The Soul of a Brand
Why Marketing Matters to the Future of Society
Having lost a race they should have won, the Democrats are fretting: “our brand is worse than Trump’s!”. If only it were. It’s not. The Democrats have a far graver, deeper problem — one that’s superficially about marketing, but also about society, the future, and how to create it.
They don’t have a brand. Here are my three little tests.
Every organization thinks it has a brand. Here’s a secret: most don’t. In the real world, the first test is: can people sum up what your organization means to them? If they can do it in one word, you have a brand. In three words-ish, you might have a brand. In more, you don’t have a brand.
If I ask the people at the cafe where I’m writing this, “what does Apple mean to you?”, I’ll probably hear words like “design” “beauty” “usefulness” and so on. That’s a brand, a particularly powerful one. Those words, feelings, meanings, are the soul of a brand. If I ask them the same thing about Microsoft, what am I likely to hear? “Bill Gates” “software that doesn’t really work” “I’m not sure, software on my laptop?” “my computer always crashes” and so on. Microsoft doesn’t really have a brand anymore. See the difference? Microsoft has a reputation — not a particularly good one. Apple has a brand. But they’re not nearly the same thing. A brand is a sharp, clear representation of real human benefits. A repuation is just a muddled hazy picture, out of focus and unclear to the human heart.
The second test is: does your brand (if you have one) mean something good or bad? Why one word? That one word is important. It is the human benefit that a brand represents to people. What impact it is going to have on their very real human lives. If I do the test for Whole Foods, I’ll probably hear “health” “vitality”. But I’ll also hear “money” . That is a brand with a mixed effect. It’s presence, it’s human benefit, is diluted, offset.
Good is a subjective concept, isn’t it? So here we mean good in real terms, not just the manipulative terms of perception (“do you think this toothpaste brand will magically fix your love life, just like in the ads!?”: does this organization really have an expected positive impact on people’s lives? An organization, in the final analysis, is just a collective of people acting in concert for some human good. What is that good?
Now let’s apply these tests to the Democrats. Can you tell me in one word what the Democrats stand for? I’d bet you can’t. If I asked the people at this cafe, they’d probably be puzzled. I’d probably hear responses like “they try to win” “they’re good people, but they can’t get the job done” “I liked Obama”, and so on. The Democrats don’t stand for anything at all.
The Democrats don’t have a bad brand. They don’t have a brand. Now we can see the problem a little more clearly.
Let’s do the test for the GOP. If I asked the cafe people, I’d probably hear: “cruelty” “responsibility” “safety” “freedom!!!!111”, and so on. That brings us to my third test: how good is the good in your brand? This one’s tricky. Stay with me now. The perception of good is subjective. The lived experience isn’t. My notion of “freedom” might be your “cruelty” — but the fact is without healthcare, I’m going to suffer terribly. So to develop their brand, the GOP must go into the heart of the question of what really is good — what really benefits people as human beings, not just as abstract ideas. The Democrats, on the other hand, aren’t even at that point — because they don’t have a brand to begin with.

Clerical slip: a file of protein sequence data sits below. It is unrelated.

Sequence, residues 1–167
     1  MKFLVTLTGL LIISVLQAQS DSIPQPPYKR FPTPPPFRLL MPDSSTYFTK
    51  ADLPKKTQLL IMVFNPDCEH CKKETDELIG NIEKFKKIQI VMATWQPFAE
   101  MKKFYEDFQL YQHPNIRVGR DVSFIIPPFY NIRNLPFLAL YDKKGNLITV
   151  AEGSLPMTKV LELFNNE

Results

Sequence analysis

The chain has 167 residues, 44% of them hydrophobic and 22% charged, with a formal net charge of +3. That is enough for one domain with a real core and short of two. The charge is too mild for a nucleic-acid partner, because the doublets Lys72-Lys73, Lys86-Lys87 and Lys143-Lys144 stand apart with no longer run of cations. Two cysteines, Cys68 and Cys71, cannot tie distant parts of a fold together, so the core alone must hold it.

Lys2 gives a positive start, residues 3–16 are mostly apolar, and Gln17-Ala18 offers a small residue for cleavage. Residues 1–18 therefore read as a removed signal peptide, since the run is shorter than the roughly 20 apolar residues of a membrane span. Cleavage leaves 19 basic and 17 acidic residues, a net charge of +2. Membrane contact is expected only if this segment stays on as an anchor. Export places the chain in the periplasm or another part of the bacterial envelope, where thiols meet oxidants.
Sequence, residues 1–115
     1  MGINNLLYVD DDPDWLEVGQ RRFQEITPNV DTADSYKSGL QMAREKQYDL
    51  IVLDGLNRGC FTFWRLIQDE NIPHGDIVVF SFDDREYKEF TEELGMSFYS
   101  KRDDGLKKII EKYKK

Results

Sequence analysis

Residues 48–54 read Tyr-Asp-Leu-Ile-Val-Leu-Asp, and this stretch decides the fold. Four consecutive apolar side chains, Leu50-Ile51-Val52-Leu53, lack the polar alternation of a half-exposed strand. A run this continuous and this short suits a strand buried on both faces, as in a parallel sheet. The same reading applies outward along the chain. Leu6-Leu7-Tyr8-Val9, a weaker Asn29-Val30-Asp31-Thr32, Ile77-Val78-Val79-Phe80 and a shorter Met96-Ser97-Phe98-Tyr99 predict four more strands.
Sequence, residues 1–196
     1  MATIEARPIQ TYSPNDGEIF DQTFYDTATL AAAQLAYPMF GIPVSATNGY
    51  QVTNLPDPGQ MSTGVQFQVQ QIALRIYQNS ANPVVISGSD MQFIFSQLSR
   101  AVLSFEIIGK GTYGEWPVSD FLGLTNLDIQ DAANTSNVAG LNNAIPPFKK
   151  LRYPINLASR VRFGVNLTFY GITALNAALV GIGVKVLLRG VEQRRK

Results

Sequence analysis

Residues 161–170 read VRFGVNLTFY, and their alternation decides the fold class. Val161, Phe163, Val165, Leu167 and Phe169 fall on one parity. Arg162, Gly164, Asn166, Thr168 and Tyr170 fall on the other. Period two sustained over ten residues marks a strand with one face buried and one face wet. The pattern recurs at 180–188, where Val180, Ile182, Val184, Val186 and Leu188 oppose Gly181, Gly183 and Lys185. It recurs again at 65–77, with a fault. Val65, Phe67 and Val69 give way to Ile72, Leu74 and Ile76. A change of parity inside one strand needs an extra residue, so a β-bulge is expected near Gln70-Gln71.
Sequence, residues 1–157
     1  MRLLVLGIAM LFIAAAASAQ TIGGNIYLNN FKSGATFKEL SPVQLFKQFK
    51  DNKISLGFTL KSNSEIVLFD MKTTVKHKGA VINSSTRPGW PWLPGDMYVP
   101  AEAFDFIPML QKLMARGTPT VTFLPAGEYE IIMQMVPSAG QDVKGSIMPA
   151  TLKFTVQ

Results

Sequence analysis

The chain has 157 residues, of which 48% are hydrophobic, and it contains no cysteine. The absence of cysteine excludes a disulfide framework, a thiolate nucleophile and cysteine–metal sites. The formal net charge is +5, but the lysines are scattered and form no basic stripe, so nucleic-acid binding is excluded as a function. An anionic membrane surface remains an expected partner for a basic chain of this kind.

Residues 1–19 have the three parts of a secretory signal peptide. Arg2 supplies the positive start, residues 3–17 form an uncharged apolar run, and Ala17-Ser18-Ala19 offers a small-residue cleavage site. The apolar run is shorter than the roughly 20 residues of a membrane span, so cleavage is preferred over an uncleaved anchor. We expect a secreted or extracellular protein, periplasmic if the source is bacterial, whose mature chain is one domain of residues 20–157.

Why not? Why do organization fail to develop brands? They don’t stand for things in people’s hearts because they don’t stand for real human benefits to begin with. Go back to Microsoft and Apple. Apple fights very hard to design beautifully useful things. Those are real human benefits, lived experiences. What benefits does Microsoft fight for? Can you name any? I can’t. The same is true of the Democrats. They are not really fighting for real human benefits, lived experiences. They are fighting, maybe, sometimes. But there is no clear agenda there, and nothing tangible is really delivered as a result. So of course people are left puzzled by what the Democrats mean.
Not everything needs a brand. Take me. How do people know me? “Oh, he’s that asshole who says pretentious shit on Twitter”. LOL. Yup, that’s me. That’s OK. I’m not trying to build a brand. I don’t need one. I’m not trying to be Ezra Klein. I don’t want to be President one day. I enjoy the freedom of not having a brand — it means I can have fun on Twitter and be a real human being instead.
But the Democrats need a brand. For an organization, a group of people engaging in collective action for some human good, that one word means everything — because it is foreshadows how the human heart feels about the human good that organization hopes to create. Those feelings motivate people. They are what inspire and elevate and motivate. Hence, the Democrats consistently struggle with low turnout, apathy, disengagement, and so on. Choose your buzzword. They’re all ways to say: “the Dems don’t have a brand, which means people don’t really feel anything about them, so they don’t act with them.”
Marketing is a necessary evil, I think. And it is a soft evil. It costs us simplicity. We reduce things to meanings. That is no great moral crime. And the upside is that we can engage fully in collective action. Without good marketing, however, we end up like the Democrats. Not a collective of people acting in concert for any human good. Just individuals puzzled by why they fail, again and again, to plant the seeds of goodness in the soil of the human heart.